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  • Sep 19 / 2017
  • 0
dbDigger, High Availability, Replication, SQL Server tools, SQL Server Training

SQL Server Replication refresher

During phase of training material preparation, a brief overview of replication architecture is with me. In coming lines i am going to put it in this post as a good starting point for replication learners.


Replication is a way of distributing data automatically from a source database to one or more recipient databases. It is built to sync the selected objects of a database not whole DB.  It encompasses set of objects in a database whose data is required to keep sync at subscriber databases. Replication architecture is not part of the SQL Server database engine, but a separate feature or application. It works through agents, triggers and scheduled jobs specific for this purpose. Replication can have uses in high availability systems or in a distributed system and can have different toplogies.

There are 3 main types of replication

  • Transactional Replication (one or two way)
  • Merge Replication
  • Snapshot Replication

Transactional Replication

This type of SQL Server replication is used for near real time or short delayed synchronization from publisher and subscriber. Initially a snapshot process synchronizes the subscribers with the publisher. All committed transactions on the publisher are then propagated to the subscribers in sequence. It may be one way transactional replication or two way.

In one way replication, modifications from publisher are synced on subscriber but no modification from subscriber is propagated back to publisher. While in case of peer to peer or two way replication, changes are propagated both ways and data remains sync on both sides for selected articles.

There are two options while propagating changes back from subscriber to publisher.

  • Immediate updating
  • Queued updating

Both methods can be used at the same time to maximize the availability and efficiency.

Immediate updating

In case of immediate updating changes made at the subscriber are synced to the publisher using a two-phase commit process managed by Microsoft Distributed Transaction Coordinator (MS DTC). Changes made at the subscriber must be made to both systems or are rolled back. This method is suitable for reliable, high-speed connection between the Publisher and Subscriber.

Queued updating

This method is suitable for less reliable connections. Writes updates at the subscriber to a queue. Publisher reads the queue and applies changes. This flow might result in conflicts due to latency.


Peer to Peer replication

Peer to peer replication was introduced in SQL Server 2005 and only supported in Enterprise edition of SQL Server version. It resembles in some features features with two way transactional replication. Main difference is that peer to peer replication involves more than just single publisher and associated subscriber nodes. It can span on multiple nodes and each will be kept in Sync. Also peer to peer replication is better while propagating the DDL of articles and locking mechanism.

Merge Replication

Merge replication is relatively complex type of replication. It does not use transactions but a set of defined rules used to resolve conflicts when data updated at multiple sites is synchronized. It tracks changes through triggers and metadata tables provides the means to implement part of a high-availability system. This also serves well the original purpose of serving mobile and disconnected users. It is designed for cases where the publishers are not in constant communication with the subscribers. After the initial snapshot synchronization, subsequent changes are tracked locally and the databases are merged when in contact using series of rules to resolve conflicts.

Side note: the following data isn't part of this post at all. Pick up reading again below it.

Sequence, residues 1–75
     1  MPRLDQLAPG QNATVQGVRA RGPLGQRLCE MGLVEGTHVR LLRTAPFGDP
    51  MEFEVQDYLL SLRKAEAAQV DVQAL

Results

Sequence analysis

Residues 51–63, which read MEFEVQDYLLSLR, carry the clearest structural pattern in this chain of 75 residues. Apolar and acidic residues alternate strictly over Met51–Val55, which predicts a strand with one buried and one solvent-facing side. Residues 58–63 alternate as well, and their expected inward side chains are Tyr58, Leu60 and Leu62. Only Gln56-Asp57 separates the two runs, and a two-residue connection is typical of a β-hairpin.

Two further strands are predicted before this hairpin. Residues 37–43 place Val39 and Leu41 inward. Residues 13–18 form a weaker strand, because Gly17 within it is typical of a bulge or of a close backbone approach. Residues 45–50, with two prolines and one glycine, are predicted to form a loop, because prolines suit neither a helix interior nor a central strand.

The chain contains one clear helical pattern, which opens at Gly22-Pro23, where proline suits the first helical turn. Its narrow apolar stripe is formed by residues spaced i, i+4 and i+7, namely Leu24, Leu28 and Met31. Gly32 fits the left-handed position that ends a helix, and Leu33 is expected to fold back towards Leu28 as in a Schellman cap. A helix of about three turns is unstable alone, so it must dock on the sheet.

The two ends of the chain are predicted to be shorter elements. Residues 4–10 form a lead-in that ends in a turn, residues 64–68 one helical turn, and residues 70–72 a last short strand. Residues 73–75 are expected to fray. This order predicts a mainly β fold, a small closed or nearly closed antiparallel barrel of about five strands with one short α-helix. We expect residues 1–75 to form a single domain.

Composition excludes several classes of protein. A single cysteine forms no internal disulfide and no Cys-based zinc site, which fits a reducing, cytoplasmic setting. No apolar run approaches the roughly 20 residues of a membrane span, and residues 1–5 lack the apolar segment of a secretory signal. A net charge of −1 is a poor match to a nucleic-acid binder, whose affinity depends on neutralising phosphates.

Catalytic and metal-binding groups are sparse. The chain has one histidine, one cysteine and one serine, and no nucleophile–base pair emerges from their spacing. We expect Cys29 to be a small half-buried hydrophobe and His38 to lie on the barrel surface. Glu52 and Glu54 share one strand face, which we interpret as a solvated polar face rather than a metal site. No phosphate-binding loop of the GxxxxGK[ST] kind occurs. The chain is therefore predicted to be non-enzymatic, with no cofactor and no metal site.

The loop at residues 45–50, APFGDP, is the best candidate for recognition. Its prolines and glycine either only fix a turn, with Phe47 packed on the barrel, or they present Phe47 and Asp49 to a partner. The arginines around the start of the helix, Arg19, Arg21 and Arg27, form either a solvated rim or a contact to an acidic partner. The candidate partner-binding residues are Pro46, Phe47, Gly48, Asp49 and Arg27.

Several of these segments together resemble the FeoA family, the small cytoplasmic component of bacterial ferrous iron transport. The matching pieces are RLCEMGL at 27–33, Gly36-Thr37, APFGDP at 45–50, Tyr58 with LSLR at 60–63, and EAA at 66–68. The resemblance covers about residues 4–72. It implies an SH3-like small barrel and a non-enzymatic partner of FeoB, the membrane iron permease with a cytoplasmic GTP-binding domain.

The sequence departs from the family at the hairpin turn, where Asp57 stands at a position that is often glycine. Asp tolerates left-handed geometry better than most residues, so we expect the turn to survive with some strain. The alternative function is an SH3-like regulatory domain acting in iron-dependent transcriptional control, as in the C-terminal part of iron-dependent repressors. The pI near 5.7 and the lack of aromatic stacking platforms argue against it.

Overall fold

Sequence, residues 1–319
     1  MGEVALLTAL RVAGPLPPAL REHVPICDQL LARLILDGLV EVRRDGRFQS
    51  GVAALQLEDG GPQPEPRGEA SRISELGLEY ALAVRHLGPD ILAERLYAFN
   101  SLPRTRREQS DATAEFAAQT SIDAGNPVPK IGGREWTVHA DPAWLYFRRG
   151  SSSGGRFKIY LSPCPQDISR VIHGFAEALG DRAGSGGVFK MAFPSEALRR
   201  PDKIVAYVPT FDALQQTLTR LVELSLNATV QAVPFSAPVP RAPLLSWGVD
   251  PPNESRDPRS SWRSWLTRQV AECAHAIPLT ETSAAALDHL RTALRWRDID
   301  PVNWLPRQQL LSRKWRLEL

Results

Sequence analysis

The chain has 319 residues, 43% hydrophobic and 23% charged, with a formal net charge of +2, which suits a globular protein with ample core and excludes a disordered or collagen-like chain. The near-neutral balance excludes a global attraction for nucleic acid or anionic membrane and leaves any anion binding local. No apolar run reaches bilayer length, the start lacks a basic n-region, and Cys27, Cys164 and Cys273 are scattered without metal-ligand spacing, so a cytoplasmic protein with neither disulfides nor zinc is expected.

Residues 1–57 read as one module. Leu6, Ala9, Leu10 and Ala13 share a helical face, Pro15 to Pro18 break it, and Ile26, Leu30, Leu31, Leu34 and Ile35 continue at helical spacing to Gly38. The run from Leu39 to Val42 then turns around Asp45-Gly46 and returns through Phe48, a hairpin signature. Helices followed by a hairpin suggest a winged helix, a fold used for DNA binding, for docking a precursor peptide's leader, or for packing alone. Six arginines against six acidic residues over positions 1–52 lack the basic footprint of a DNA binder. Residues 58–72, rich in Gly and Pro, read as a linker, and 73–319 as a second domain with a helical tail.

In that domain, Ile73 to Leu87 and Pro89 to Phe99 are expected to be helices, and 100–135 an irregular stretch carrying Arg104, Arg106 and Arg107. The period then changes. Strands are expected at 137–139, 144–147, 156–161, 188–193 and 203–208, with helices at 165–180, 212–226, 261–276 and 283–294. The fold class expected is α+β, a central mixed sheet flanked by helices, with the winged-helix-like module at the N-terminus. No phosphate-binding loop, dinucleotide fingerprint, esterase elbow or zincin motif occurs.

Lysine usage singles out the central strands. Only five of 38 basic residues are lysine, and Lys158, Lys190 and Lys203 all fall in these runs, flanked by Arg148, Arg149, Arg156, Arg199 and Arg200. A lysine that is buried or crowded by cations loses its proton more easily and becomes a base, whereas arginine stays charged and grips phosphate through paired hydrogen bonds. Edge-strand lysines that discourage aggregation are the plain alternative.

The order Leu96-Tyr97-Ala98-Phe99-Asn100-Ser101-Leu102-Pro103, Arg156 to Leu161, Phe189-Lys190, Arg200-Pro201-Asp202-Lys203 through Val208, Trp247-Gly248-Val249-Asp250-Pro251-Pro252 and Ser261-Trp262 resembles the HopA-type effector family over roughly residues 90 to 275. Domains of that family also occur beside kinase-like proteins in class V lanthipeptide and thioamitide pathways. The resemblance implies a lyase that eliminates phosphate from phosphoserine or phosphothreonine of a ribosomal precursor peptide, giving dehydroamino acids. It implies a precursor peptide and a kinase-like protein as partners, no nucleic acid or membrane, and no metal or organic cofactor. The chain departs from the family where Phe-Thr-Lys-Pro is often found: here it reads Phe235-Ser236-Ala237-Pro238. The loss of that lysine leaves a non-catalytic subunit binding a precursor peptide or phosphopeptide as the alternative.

Snapshot Replication

Data changes are not tracked for snapshot replication. Each time a snapshot is applied, it completely overwrites the existing data. Snapshot replication process provides the initial synchronization for transactional and merge publications. In several cases, this initial synchronization is all that is necessary. Data is synced at defined intervals as opposed to constant transactional sync of other types.


Distribution Setup

Distribution is important setup in replication architecture. It has following components and terms.

Distribution server

Distribution server is a role where distribution setup (agent, jobs, DB) resides. Distribution server may be same as publisher or a dedicated server. For big and busy replication setups separate distributor server is recommended. We can mark a server as distributor before going to setup replication publisher and subscriber.

Distribution database

Distribution is system database for replication setup and is created automatically on server with distributor role. We can customize the DB name, files name, location and file size however. For transactional replication, the distribution database tracks changes made to publications. For merge replication it stores only synchronization history.

Distribution agent

Distribution agent is setup as a separate module and works in form of scheduled job. Distribution agent is a process that moves transactions and snapshots held in the distribution database to subscribers. Works in form of scheduled job under replication jobs category.


Replication components

There are some other terms and components that are always involved in replication setup.


Publisher is a server that makes data available for other servers, i.e. it is the server that makes data available for replication.


Publication can be a selection of tables, indexed view and stored procedures. Each publication can be replicated as a snapshot publication, a transactional publication or a merge publication. It is important to choose the publication articles on a valid base like size, relation of tables. There may be multiple publications in a single publisher.


An object included in a publication is called an article. Articles are combined on some basis to form a publication. Article can be an entire table, select rows from a table, specified columns from a table indexed view or a stored procedure. An article is a unit in publication.


Subscriber is the server that hosts the DB where data from publisher is being synced. There may be multiple subscribers against a single publisher. Subscriber may be on same server as that of publisher. Also there may be multiple subscriber databases on a single subscriber server.